A solicitor who misled a court by using Tipp-Ex to alter a statement of truth has been fined £7,000 by the Solicitors Disciplinary Tribunal (SDT).
The SDT found that Roger Paul Jackson’s actions were “spontaneous”, but had contributed to his clients’ personal injury claim being struck out.
The tribunal heard that Mr Jackson was reported to the Solicitors Regulation Authority (SRA) by Weightmans, the defendant lawyers in the case, in November 2014.
“Weightmans reported that the respondent had altered a statement of truth from an earlier particulars of claim in order to mislead the court into believing that the claimants had verified the amended particulars of claim as served on the defendant.”
Mr Jackson, who was a salaried partner at Manchester-based BPS Law at the time, was born in 1958 and qualified in 1983. He initially represented three claimants in the case – the driver of a car involved in a collision and his passengers. The solicitor prepared a statement of claim, including a statement of truth signed by the claimants, in September 2012.
The tribunal heard that Mr Jackson was later instructed to act only for the passengers and amended the particulars of claim, also changing the date of birth of one of the passengers. He issued proceedings in October 2013.
“On receipt of the proceedings, Weightmans noted that the statement of truth on the amended particulars of claim was still dated 28 September 2012 and appeared to be the same statement of truth which was previously signed by three claimants.
“The page had been manually altered to remove the name of the driver and his proposed status as ‘first claimant’ by the use of Tipp-Ex. The document has also been altered to show the two passengers as ‘first claimant’ and ‘second claimant’ by handwriting on the statement of truth.”
Weightmans applied to have the claim struck out, an application which was granted in May 2014, in part because the particulars of claim had not been verified by a valid statement of truth.
Mr Jackson argued before the SDT that CPR 17.1(1) allowed a party to amend his statement of case at any time before it is been served on every other party.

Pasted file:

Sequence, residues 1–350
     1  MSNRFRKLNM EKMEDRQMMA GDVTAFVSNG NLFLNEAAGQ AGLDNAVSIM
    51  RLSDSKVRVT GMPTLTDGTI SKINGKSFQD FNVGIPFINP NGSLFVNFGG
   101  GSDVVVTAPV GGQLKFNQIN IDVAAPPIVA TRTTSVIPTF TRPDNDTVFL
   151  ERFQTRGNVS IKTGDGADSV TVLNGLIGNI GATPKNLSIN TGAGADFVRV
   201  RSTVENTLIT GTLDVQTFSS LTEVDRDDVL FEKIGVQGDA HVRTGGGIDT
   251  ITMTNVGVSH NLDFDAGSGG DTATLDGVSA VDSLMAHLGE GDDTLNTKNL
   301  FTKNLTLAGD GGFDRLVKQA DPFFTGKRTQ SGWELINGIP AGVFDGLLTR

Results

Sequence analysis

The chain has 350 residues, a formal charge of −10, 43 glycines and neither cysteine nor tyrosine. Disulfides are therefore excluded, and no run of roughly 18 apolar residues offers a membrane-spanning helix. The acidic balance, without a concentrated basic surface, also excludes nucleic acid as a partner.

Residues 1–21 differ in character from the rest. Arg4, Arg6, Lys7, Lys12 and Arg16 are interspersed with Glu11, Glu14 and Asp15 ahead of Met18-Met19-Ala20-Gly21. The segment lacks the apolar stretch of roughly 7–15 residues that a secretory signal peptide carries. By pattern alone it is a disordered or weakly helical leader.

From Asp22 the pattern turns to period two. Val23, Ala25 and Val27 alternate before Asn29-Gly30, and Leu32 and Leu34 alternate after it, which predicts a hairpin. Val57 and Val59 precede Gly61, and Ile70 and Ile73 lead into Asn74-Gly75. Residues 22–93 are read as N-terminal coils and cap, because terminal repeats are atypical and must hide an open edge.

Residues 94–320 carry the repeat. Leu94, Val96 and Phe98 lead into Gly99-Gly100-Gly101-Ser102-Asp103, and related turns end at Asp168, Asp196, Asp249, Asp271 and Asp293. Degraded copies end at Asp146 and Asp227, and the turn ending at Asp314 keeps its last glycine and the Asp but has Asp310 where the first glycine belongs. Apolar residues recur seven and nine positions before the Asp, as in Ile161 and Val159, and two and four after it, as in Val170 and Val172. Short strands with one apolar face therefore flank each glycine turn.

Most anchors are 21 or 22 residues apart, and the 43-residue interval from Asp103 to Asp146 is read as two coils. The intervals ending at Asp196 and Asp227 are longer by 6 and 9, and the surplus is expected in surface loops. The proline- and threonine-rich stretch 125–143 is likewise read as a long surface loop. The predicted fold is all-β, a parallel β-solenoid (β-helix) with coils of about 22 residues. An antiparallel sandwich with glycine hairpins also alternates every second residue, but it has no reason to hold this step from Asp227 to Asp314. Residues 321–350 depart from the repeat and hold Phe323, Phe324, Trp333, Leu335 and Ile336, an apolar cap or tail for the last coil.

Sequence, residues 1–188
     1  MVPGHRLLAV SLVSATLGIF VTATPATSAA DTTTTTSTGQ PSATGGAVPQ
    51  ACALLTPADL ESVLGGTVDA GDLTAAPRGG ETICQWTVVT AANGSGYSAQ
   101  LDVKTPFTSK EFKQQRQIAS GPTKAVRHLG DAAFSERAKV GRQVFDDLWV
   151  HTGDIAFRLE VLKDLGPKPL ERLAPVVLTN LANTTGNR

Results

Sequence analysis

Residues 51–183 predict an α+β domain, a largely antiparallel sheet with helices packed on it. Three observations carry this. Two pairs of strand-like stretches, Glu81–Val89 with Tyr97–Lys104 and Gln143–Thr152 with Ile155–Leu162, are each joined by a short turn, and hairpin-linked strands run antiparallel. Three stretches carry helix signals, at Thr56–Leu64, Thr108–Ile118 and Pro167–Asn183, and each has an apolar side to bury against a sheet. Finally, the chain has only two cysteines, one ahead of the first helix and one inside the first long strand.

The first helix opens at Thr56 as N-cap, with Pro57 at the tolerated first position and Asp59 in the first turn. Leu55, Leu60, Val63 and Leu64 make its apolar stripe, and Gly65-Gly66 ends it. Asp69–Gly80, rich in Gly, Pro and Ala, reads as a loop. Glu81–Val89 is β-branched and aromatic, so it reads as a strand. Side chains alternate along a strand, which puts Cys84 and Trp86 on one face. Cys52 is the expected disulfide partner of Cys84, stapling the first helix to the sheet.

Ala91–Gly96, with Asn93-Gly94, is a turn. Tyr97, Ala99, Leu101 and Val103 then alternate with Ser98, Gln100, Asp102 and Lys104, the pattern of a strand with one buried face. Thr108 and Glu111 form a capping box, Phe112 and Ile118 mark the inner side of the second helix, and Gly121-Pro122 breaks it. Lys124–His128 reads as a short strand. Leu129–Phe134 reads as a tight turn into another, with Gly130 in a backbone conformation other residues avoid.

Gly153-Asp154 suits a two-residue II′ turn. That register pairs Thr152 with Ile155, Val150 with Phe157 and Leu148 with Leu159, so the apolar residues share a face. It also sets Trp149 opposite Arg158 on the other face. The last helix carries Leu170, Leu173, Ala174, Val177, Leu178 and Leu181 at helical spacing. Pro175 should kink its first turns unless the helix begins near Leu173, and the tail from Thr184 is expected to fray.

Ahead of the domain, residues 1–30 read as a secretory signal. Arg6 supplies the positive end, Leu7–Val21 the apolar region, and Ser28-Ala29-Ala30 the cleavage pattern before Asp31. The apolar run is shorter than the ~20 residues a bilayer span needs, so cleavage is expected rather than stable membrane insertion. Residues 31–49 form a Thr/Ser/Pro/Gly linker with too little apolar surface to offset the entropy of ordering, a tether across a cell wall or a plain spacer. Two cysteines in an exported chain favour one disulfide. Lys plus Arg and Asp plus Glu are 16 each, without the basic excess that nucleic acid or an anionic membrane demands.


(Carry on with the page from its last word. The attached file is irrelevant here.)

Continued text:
His secondary position was that even in cases where the permission of the court was required, it was only required to be re-verified where the substance of the statement of case was changing, which was not what happened here. The solicitor submitted that the district judge had erred in law.
Finding against him, the SDT said that part 17 was only applicable to claims that had been issued and addressed the issue of amendments in those circumstances.
It said: “Even if the respondent had discussed the content of the revised particulars of claim with his clients, for which there was no compelling evidence, the proper procedure was to either get them to sign a new statement of truth and particulars of claim, which he had attempted to do, or sign it himself with a statement confirming that he was authorised to do so.
“The tribunal noted that the respondent had been approaching a limitation deadline and it was in that context that he had decided on the course of action that he took, namely altering the existing statement of truth without any justification for doing so.”
Though this finding meant it was not necessary to assess whether or not the change of claim was substantial, the tribunal said removing one of the claimants was a “small but material” change.
“The district judge had found that the respondent’s explanations lacked credibility and were disingenuous. The tribunal agreed with that assessment having heard the respondent give evidence…
“The tribunal was satisfied beyond reasonable doubt that by issuing proceedings using the altered documentation, the respondent had failed to uphold the rule of law and the proper administration of justice. In misleading the court and the defendant’s solicitors, the respondent had failed to adhere to a strict ethical code and had therefore lacked integrity.”
In mitigation, Mr Jackson accepted that “in an ideal world” the amended particulars of claim would have been signed by both clients. But he said this was an isolated incident and there had been no other similar examples.
Further, the district judge had not reported the respondent to the SRA and he argued that the decision to strike out the claim was draconian, given that it was based on a technicality.
On sanction, the tribunal recognised that Mr Jackson’s actions were “spontaneous and he had not acted in breach of the position of trust”.
However, the impact of the reputation of the profession was serious “as the integrity of documents is of fundamental importance to the trust the public places in the profession”.
The SDT continued: “The matters were aggravated by the fact that this was a deliberate and calculated act and he knew or ought to have known that he was in material breach of his obligations… Matters were mitigated by the fact that this was a single episode.”
He was fined £7,000 and ordered to pay costs of £7,000.
The SDT said that Mr Jackson was “currently doing some locum work”, having left BPS in June 2014.